- 1(In certain countries) a head of a government department: the Defence MinisterMore example sentences
- The decision not to send a message of support this year brought private criticism from ministers and backbench MSPs.
- It seems to me that the way modern politics works, the Prime Minister of the day is very reliant on his ministers and backbench for policy support.
- Usually when a minister's backbench committee opposes or has serious concerns about a plan, it triggers a rethink.
- 2 (also minister of religion) A member of the clergy, especially in the Presbyterian and Nonconformist Churches: a minister of the Lutheran church a Unitarian ministerMore example sentences
clergyman, clergywoman, cleric, ecclesiastic, pastor, vicar, rector, priest, parson, father, man/woman of the cloth, man/woman of God, churchman, churchwoman; curate, chaplain, curé, divine, evangelist, preacher; Scottish kirkmanAustralian • informal josser
- First we say that Justice Bleby incorrectly formulated the test for an intention to create legal relations in the context of a church and a minister of religion.
- This is a most refreshing new look at the book of Ecclesiastes, by the minister of Ravesby Presbyterian Church, Sydney.
- Dr. Gentry is an ordained minister in the Presbyterian Church in America.
- 2.1 (also minister general) The superior of some religious orders.More example sentences
- The act provided exemptions to men with certain disabilities, ministers of religious orders, theological students, and conscientious objectors.
- 3A diplomatic agent, usually ranking below an ambassador, representing a state or sovereign in a foreign country.More example sentences
- Last week, Baroness Symons, a Foreign Office minister, announced that Ambassador Craig Murray would go back to Tashkent.
- And since this purported sale was between two sovereign governments, the minister of foreign affairs would have to be involved.
- Foreign Office minister Lord Triesman will represent the government at the ceremony in Khao Lak.
verb[no object] Back to top
- 1 (minister to) Attend to the needs of (someone): her doctor was busy ministering to the injuredMore example sentences
- There may also be room for optional characters, like a Horse Doctor to minister to Old Ball, or a supernumerary mummer who will be called Patsie.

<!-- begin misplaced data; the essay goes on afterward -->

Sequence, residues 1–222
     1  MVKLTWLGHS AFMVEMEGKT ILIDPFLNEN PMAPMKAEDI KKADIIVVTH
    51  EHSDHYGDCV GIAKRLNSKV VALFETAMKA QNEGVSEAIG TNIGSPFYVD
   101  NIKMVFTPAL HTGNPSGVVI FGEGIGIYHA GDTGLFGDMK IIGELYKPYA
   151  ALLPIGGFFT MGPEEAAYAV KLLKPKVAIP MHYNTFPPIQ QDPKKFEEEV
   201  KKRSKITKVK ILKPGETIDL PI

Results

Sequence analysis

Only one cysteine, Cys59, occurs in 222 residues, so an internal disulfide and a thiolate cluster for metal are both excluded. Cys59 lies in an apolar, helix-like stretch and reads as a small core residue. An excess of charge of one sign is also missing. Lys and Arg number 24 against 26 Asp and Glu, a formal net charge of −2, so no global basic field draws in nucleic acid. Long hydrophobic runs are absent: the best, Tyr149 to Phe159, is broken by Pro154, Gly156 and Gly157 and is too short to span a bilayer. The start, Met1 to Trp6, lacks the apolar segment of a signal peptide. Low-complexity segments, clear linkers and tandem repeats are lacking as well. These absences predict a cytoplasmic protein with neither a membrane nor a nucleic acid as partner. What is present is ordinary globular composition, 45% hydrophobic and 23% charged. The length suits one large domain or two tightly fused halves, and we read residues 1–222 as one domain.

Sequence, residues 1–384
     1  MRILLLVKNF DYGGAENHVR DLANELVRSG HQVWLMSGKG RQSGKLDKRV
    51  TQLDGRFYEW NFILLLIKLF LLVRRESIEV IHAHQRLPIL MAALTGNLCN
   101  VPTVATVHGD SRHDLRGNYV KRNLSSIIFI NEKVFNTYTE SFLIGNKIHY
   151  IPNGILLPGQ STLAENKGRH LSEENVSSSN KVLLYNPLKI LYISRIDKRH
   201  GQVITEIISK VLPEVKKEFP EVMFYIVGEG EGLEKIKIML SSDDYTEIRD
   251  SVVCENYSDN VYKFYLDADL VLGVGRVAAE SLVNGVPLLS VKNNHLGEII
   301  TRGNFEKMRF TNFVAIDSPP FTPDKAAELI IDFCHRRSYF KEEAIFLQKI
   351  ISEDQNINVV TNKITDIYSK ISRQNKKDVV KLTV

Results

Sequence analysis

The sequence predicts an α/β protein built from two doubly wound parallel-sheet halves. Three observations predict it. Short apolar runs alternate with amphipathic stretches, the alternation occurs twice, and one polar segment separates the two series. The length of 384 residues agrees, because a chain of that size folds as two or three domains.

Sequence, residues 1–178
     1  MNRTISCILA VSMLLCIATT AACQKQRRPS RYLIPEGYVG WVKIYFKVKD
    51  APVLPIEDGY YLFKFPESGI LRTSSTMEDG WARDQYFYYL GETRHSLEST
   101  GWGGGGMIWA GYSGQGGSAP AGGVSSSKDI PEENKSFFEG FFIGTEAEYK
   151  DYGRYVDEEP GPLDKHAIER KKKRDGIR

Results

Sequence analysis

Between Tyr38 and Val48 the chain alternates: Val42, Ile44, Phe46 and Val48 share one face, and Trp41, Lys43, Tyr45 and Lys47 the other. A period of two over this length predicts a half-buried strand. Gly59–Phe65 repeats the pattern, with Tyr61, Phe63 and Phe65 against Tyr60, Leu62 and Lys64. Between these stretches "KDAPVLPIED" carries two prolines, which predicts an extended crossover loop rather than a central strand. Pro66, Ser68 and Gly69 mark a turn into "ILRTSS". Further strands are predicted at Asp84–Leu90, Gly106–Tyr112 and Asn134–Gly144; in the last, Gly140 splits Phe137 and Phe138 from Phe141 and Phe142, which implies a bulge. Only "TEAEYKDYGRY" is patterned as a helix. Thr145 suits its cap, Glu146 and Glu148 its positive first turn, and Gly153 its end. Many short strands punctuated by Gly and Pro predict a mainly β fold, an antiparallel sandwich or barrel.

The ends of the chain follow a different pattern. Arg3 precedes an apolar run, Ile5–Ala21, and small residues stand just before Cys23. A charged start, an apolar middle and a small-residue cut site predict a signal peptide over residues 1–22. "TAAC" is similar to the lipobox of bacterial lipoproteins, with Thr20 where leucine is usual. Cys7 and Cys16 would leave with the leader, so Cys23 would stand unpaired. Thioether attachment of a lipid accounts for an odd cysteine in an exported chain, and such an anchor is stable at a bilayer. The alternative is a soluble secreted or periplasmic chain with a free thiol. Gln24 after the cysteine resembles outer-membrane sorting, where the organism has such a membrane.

- I spend a lot of time attending and ministering to others while no one particularly cares about my needs (emotionally or otherwise)
- I can pretty much say that every continent I've heard from, from people that he's ministered to, people that don't know him.
- 2Act as a minister of religion: will these women be permitted to minister as priests?More example sentences
- She introduces the narrator to Jerome Strozzi, an aging priest who ministers to society's throwaways.
- As much as they might complain about some of their parishioners, parish priests ministered at some point to almost every person in France, particularly at key transitional moments in their lives.
- Priests from religious orders and the diocesan priests both ministered in that part of Down.
- 2.1 [with object] Administer (a sacrament): bishops in England were faced with a loss of priests to minister the sacramentsMore example sentences
- Will you continue as faithful stewards of the mysteries of God, preaching the Gospel of Christ, and ministering his holy sacraments?
- It is a thing plainly repugnant to the word of God and the custom of the primitive Church, to have public prayer in the Church, or to minister the sacraments in a tongue not understanded of the people.
- But thirteen years have passed, and Augustine was now responsible for ministering the word and sacraments to his people.
- More example sentences
- One does not understand why the Congress legislators were keen for ministerships if they could not satisfy the people's aspirations.
- Ten per cent of all the ministerships in all the States should be reserved for beggars to improve their standard of living overnight!
- So it is not unlikely that, once she consolidates her chief ministership, she is bound to practise her own personalised style of governance, baring her fangs wherever necessary.
Middle English ( in sense 2 of the noun); also in the sense 'a person acting under the authority of another'): from Old French ministre (noun), ministrer (verb), from Latin minister 'servant', from minus 'less'.